posted by Thom Holwerda on Fri 29th Feb 2008 15:41 UTC

"The ports, setup, & performance; Conclusion"
The ports (or lack thereof)

Three ports: mini-DVI, USB 2.0, audio-out. No, FireWire, no ethernet, no second USB port. Apple has concluded that the world is going WiFi anyway, so let's discard of all those ugly holes in the side of your laptop. The three ports are located in a collapsable 'slot bay', which has its ports all cozily snuggled next to each other, which means you need really small plugs in order to actually use the ports.

The MacBook Air also lacks an internal optical drive. While this surely helps in keeping the Air light, thin, and beautiful, it also severely limits the device. This means you are always dependent on other computers or peripheral devices if you want something off a CD or DVD.

Apple has two ways to get around this problem: the first solution is optical drive sharing. Any Windows box or Mac can share its optical drive with the MacBook Air, which then becomes accessible on the Air itself, provided they are on the same network (of course). There are limitations; you cannot watch DVDs or listen to CDs, and you cannot rip them either. This feature also allows you to remotely install Mac OS X on the Air.

The second solution Apple came up with is a really, really slick external Superdrive, which comes in at USD 99/EUR 89. The device uses the USB 2.0 plug, and works just fine, and looks really good while doing it. Sadly, the drive only works with the Air, so forget using it on your other Macs (I would have bought this drive immediately to 'upgrade' my PowerBook from its combodrive to a superdrive if it were not for that fact). The drive works with just about any format, including dual-layer discs.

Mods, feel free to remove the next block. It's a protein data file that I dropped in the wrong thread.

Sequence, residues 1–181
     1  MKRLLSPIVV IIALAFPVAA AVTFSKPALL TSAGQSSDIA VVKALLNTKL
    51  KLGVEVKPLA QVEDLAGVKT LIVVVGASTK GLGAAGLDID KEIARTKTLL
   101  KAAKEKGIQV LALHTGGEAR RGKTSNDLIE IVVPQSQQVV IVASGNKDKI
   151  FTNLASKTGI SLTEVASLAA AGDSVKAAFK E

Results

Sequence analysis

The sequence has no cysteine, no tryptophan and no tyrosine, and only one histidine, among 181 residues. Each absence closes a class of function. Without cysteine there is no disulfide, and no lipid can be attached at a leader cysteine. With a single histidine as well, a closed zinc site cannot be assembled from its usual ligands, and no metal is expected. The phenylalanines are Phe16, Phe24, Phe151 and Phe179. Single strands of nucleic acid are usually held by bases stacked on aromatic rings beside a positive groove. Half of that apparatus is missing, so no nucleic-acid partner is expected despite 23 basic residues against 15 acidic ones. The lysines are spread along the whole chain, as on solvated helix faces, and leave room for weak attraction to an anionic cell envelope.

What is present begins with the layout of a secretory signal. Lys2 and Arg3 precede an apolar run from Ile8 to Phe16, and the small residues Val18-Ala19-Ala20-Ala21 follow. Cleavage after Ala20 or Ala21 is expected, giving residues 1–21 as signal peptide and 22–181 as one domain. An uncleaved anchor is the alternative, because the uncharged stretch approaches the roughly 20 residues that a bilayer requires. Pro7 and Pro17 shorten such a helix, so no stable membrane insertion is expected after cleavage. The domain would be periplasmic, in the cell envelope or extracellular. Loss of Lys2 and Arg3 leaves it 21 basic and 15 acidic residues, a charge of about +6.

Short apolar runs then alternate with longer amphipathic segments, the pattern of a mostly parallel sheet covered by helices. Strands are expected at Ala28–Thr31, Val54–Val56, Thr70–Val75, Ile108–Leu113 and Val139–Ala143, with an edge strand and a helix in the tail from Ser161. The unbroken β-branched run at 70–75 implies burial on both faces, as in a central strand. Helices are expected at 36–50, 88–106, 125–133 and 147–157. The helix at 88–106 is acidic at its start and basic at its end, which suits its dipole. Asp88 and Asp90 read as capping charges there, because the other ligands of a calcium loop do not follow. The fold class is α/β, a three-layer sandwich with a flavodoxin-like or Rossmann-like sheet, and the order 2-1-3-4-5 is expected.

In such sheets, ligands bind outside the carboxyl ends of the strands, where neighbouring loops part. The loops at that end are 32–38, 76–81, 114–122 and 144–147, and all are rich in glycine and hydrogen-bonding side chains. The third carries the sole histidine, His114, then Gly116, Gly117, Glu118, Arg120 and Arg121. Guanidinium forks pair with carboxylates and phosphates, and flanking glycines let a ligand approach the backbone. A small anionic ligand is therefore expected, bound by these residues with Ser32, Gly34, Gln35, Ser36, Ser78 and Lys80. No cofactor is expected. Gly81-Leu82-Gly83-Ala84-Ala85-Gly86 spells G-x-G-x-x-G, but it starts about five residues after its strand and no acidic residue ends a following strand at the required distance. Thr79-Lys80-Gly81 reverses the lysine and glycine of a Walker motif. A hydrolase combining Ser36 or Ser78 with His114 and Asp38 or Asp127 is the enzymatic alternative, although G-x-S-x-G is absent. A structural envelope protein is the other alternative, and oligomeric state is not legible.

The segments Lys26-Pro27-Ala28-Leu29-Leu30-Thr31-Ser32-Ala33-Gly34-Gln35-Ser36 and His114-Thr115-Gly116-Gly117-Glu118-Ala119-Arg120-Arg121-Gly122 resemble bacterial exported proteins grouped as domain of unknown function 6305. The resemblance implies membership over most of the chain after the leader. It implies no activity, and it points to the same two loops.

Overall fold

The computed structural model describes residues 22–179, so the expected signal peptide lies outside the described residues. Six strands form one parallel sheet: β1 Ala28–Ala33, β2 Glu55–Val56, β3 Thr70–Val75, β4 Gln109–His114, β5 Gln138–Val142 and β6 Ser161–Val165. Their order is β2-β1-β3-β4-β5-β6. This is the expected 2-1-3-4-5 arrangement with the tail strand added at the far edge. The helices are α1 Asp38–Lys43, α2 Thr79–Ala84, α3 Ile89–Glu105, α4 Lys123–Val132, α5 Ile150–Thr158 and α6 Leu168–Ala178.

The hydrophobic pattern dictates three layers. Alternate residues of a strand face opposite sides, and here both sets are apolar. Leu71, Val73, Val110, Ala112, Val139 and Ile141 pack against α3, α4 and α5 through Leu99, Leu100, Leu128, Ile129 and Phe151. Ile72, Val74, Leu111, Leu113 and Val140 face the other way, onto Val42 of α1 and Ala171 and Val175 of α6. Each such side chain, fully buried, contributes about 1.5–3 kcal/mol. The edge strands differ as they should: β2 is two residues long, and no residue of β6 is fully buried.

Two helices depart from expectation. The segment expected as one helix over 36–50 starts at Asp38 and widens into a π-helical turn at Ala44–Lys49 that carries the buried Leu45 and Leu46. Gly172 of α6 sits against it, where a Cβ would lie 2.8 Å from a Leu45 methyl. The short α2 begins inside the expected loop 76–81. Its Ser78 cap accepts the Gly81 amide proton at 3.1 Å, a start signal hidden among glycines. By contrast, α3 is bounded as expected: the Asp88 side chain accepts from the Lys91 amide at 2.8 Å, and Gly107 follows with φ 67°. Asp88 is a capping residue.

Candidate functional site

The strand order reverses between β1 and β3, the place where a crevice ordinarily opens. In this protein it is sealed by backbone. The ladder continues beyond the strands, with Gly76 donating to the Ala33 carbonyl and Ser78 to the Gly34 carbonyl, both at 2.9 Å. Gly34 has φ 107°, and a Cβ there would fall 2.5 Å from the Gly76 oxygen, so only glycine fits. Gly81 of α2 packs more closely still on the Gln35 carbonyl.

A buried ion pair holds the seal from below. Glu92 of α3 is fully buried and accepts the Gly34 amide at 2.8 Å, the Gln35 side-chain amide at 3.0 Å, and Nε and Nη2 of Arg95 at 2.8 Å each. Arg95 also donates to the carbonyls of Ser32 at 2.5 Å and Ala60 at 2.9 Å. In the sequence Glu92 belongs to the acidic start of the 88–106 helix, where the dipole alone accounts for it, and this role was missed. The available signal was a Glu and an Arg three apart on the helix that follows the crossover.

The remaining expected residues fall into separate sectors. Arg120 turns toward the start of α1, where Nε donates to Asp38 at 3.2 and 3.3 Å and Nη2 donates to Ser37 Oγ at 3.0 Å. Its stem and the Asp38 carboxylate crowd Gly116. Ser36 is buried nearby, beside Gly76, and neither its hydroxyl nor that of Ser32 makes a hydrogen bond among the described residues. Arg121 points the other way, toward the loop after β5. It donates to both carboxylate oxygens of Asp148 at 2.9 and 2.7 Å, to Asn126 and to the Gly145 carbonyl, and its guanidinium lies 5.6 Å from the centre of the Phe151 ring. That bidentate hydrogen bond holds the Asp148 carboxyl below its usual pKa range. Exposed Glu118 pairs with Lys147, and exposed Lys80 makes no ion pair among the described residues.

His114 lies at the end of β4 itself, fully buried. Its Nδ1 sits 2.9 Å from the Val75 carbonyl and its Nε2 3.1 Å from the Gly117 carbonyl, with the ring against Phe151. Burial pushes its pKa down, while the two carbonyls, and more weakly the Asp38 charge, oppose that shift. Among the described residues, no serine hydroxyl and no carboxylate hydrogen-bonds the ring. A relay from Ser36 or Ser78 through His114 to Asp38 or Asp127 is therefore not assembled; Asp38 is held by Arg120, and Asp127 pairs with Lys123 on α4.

The lack of an ethernet port also raised some eyebrows. This issue can be solved by the optional USB-to-ethernet adaptor (USD 29/EUR 29), but that means yet another device to carry along - which kind of defeats the purpose of the ultra-portable.

In conclusion, I am guessing whoever thought of the brilliant idea to leave out all the ports and the optical drive never really left the Apple campus or the local Starbucks, since out in the real world, freely accessible WiFi is uncommon. Sure, my university has WiFi, but that is only for students and employees. Cafeteria with WiFi are still a rarity in The Netherlands (even in Amsterdam), and WiFi hotspots out in the wild? You have more chance of spotting a dodo in Antarctica than finding one of those around here. And this is The Netherlands we are talking about - a country with very high internet and broadband penetration, and one of the richest countries in the world with a very high population density. What about the rest of the world? Anything else but the western world? Rural Germany, France, or United States?

While I would love to see a world where wireless internet is ubiquitous, we still have a very, very, very long way to go before we ever reach that utopia. In other words, the MacBook Air caters to a world that does not exist yet; a world that the Air will most likely not even see in its lifetime. For a device that is meant to be taken on the road, it simply lacks the connectivity options to deal with actually being on the road.

The setup

Settig up the Air is a breeze, just like any other Macintosh, thanks to the excellent migration assistant that ships with Mac OS X. Just boot up your 'old' and new Mac, load up the migration assistant, connect them via a FireWire cable, and off you go... Wait, the Air lacks a FireWire port, right? How would this work?